No other car company has gone through as much adversity as the Zastava Corporation, known for manufacturing Yugo cars in the U.S. The company has persisted amidst the problems and difficulty they had faced, and are now operational once again as they prepare to return to the European and American market.
Zastava was originally founded as an arms manufacturer in 1853. The company started producing a number of vehicles during the outbreak of the war in 1941, but it was only in1953 that Zastava released its first passenger model car called the Milletrecento powered by a 1300 cc engine. However, most of their successful car models during those times, which featured a restyle rear panel and became available as a hatch back, were taken from Fiat designs, most in particular the Fiat 128 model.
In 1984, Zastava saw its name changed to Yugo after automobile entrepreneur Malcolm Bricklin pushed the company to test the U.S. market. However, Bricklin asked the help of Tony "Hurricane" Ciminera to make the necessary changes with the car to suit the competitive U.S. market. Yugo immediately held the cheapest car sale in the U.S. going as low as $3,900 for the GV ("Great Value,") more than a thousand dollars cheaper than the nearest rival. The usual features such as full carpeting, fabric upholstery, opening rear quarter windows and a lot more were present with the Yugo. Upon hearing this, consumers stormed their way to Yugo dealerships and placed their orders for the car. In fact, orders were five times the 1500 cars that were shipped to dealers. Along with the GV, Yugo also distributed the GVL and GVS featured minor upgrades in upholstery, and the GVX boasting a five-wheel manual transmission, 1300 cc engine and standard equipment.
However, a car this cheap comes with major flaws in its design and performance. Owners have complained about engine failures, faulty electrical services and burdensome maintenance associated with using the car. It got even worse when insurance companies credited fatalities caused by the Yugo due to its mechanical problems. Despite counter-arguments in defence of Yugo, the company went bankrupt in 1989 and has incurred almost-irreparable damage to its reputation. The company has also incurred the wrath of popular culture. In the American comedy show Whose Line Is It Anyway?, host Drew Carey refers to a "fully loaded, top-of-the-line, Yugo" as useless.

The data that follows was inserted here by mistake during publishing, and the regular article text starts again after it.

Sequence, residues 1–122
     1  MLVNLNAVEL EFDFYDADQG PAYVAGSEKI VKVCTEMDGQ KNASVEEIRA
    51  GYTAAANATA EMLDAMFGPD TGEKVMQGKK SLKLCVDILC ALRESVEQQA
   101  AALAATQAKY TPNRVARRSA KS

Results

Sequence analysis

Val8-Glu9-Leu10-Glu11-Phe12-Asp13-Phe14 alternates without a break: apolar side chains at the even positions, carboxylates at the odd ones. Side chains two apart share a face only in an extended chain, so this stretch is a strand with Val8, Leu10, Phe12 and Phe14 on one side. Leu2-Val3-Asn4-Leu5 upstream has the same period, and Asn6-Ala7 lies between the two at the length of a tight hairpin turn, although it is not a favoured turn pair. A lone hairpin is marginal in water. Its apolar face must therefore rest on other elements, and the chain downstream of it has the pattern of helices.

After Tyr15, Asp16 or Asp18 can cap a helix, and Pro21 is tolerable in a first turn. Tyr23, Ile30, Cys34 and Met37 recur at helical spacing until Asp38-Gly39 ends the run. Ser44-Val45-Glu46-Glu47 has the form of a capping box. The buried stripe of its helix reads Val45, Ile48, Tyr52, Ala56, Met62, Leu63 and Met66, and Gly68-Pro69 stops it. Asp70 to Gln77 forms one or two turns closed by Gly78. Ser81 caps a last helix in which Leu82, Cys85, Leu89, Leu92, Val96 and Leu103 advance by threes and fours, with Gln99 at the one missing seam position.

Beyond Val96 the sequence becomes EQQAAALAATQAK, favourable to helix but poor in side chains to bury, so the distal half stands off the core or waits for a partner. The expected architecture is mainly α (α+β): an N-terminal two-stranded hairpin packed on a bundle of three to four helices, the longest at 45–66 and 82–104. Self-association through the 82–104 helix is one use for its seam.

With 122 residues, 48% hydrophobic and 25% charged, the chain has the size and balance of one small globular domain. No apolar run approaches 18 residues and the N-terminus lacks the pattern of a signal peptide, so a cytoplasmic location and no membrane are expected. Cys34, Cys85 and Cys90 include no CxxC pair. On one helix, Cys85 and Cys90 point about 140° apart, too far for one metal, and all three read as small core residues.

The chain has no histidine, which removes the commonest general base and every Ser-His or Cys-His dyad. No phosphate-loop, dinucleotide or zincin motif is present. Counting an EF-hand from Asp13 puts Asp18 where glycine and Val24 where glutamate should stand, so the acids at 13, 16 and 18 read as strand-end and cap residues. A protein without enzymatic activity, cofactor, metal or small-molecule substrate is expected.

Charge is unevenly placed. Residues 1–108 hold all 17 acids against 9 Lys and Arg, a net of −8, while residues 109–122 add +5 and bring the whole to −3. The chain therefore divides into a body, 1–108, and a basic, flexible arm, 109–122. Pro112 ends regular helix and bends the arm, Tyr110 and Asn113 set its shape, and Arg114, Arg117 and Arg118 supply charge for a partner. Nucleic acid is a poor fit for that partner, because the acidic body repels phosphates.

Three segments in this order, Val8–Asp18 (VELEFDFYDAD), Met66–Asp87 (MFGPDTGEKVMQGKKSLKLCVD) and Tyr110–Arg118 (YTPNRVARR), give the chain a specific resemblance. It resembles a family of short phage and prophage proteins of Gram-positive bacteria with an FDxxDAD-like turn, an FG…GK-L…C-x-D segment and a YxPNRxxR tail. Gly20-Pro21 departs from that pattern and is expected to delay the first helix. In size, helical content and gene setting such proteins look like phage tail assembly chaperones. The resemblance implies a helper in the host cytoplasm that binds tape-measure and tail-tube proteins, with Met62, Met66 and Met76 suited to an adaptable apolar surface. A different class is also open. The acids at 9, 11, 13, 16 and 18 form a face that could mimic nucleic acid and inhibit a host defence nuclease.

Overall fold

Due to the fact that Yugoslavia was engaged in war in the early 90s, which made car production unstable, Yugo finally folded in the U.S. To make matters worse, NATO bombed Zastava Corporation in 1999 when the car manufacturer was discovered to have been producing strategic arms.
It wasn't long before Yugo got back on its feet once again in Yugoslavia to produce its car models. The sanctions imposed by the United Nations against Yugoslavia have prevented the company from distributing its products all over Europe and the U.S., but it won't be long before Yugo will eventually see light in the U.S. market once again.
Original Authors: Manny
Edit Update Authors: RPN
Updated On: 15/08/2007